“In the intense and sometimes overwhelmingly insular community of church musicians, Paul Halley smiles and hands us this delicious reminder that, hey, there is another world out there. Easily able to transcend borders, Paul now works at Trinity Episcopal Church in Torrington, Conn., tours with his children’s choir (Chorus Angelicus) and adult ensemble (Gaudeamus), and composes, arranges, and records for Pelagos Productions. But remember that Mr. Halley came to prominence during the twelve years (1977-1989) when his agreeably multi-styled, multi-cultural music program at the Cathedral of St. John the Divine in New York coincided with his involvement as keyboard player for the Paul Winter Consort. And though his background (born in Romford, England, in 1952; organ scholar at Trinity College, Cambridge; Fellow of the Royal College of Organists) might have you imagine a different eventuality for him, Paul seems unremittingly incapable of limiting his style. These crystalline recordings (of a Steinway piano and Raffatti organ taped at Spivey Hall in Morrow, Ga., and a harpsichord taped at Yale’s Battell Chapel, all instruments variously mingled in multi-track studio manipulation) do what few organ CDs can; they put the colors, texture, and persuasive power of the pipe organ into highly pleasurable, easily listenable, emotionally unfettered contexts. Eschewing electronic synthesizers, Halley orchestrates with his three authentically acoustical keyboards as though each were available at the poke of a combination button. If some of the pieces remind a bit of light listening or the quasi-Elizabethan background to a lusty Tom Jones remake, others are darker and deeper. Remember, we’re not in church or at school. Consider the new-age quote from Rumi that is emblazoned inside the album cover: “We have fallen into the place where everything is music”, and a fine, fun place it is. Thanks, Paul, for the wake-up call.”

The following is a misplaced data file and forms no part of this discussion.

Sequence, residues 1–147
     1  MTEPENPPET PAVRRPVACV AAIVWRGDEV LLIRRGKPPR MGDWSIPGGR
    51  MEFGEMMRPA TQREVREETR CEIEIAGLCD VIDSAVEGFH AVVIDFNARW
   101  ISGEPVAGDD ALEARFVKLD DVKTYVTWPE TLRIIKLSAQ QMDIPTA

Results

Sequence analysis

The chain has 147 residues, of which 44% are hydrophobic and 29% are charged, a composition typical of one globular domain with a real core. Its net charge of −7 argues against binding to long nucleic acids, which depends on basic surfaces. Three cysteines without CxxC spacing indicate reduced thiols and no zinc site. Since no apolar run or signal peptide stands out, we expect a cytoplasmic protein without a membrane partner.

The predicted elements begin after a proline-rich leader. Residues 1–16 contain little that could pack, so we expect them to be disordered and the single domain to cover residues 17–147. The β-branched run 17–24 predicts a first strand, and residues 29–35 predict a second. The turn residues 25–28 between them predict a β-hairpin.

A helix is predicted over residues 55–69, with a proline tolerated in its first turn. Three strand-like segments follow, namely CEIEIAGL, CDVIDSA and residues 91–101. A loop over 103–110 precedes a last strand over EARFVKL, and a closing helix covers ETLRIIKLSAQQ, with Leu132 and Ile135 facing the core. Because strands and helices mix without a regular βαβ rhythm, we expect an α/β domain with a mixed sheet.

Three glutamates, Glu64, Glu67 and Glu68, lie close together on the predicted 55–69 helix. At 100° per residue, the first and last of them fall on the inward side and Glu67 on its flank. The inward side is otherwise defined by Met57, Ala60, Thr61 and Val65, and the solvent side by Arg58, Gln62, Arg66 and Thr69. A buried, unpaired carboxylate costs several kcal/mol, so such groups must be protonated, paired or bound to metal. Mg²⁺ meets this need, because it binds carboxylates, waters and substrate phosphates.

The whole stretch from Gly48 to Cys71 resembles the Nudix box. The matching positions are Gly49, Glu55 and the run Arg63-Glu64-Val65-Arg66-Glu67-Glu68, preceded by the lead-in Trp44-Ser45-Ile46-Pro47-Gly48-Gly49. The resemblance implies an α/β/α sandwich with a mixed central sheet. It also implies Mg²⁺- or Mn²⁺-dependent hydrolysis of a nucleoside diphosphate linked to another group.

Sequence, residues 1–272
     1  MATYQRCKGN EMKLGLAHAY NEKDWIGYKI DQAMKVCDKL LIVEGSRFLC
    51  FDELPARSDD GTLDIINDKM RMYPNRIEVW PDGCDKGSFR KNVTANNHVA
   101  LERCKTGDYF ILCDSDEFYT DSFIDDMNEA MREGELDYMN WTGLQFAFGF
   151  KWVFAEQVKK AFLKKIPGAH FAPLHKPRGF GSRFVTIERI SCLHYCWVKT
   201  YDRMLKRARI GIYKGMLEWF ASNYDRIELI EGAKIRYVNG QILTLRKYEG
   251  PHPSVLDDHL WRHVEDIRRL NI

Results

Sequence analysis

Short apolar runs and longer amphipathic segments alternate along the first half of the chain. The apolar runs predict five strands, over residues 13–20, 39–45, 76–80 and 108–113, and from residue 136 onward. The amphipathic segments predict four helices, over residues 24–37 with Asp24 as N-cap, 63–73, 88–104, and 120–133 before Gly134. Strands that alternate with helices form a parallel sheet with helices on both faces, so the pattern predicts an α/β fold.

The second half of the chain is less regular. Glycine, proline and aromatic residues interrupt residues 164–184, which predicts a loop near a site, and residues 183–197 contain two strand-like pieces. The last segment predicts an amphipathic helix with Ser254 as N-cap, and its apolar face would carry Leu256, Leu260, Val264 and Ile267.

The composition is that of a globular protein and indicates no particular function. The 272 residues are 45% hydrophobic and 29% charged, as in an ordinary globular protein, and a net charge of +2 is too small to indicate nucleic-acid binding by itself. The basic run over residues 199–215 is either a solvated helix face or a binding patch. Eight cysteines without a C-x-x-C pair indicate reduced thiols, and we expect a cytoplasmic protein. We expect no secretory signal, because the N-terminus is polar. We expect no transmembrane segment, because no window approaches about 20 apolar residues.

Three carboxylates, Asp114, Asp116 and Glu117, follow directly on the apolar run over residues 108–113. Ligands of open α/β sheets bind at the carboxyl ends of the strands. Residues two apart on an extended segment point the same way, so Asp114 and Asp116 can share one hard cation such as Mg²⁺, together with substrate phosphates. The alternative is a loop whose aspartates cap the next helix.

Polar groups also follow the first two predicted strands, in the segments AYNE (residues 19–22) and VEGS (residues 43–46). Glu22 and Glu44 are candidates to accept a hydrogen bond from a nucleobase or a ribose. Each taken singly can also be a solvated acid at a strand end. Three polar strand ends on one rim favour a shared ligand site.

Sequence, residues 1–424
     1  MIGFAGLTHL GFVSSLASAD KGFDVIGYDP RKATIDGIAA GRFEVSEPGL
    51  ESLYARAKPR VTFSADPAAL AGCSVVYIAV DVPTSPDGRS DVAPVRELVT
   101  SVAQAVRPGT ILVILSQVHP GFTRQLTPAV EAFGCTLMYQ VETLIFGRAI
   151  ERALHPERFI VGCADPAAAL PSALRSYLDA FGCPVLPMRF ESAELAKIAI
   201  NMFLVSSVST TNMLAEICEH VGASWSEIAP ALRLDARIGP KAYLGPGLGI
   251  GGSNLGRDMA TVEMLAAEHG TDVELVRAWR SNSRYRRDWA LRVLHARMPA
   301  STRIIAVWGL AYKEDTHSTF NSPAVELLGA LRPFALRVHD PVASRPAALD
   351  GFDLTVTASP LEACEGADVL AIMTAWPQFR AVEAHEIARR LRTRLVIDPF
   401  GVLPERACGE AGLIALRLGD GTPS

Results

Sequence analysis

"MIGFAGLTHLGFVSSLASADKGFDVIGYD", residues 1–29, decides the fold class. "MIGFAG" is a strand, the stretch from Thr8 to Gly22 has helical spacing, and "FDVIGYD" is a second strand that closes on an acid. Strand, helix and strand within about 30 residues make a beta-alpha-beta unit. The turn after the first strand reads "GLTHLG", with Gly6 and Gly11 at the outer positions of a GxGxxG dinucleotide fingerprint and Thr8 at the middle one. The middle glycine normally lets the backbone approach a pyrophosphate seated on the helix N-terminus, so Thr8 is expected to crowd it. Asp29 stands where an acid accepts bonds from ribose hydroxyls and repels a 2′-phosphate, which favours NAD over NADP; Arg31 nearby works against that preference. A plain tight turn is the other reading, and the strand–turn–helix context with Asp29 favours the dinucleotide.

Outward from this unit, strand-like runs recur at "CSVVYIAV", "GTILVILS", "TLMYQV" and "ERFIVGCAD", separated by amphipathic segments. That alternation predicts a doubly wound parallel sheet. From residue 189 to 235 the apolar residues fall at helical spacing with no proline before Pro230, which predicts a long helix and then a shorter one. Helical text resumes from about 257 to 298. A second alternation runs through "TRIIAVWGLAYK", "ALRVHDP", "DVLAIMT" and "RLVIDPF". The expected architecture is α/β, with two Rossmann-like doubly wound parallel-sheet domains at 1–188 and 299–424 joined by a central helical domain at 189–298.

- Michael Barone
Nationally-know host of NPR's 'Pipedreams'
which has given significant airplay to this album.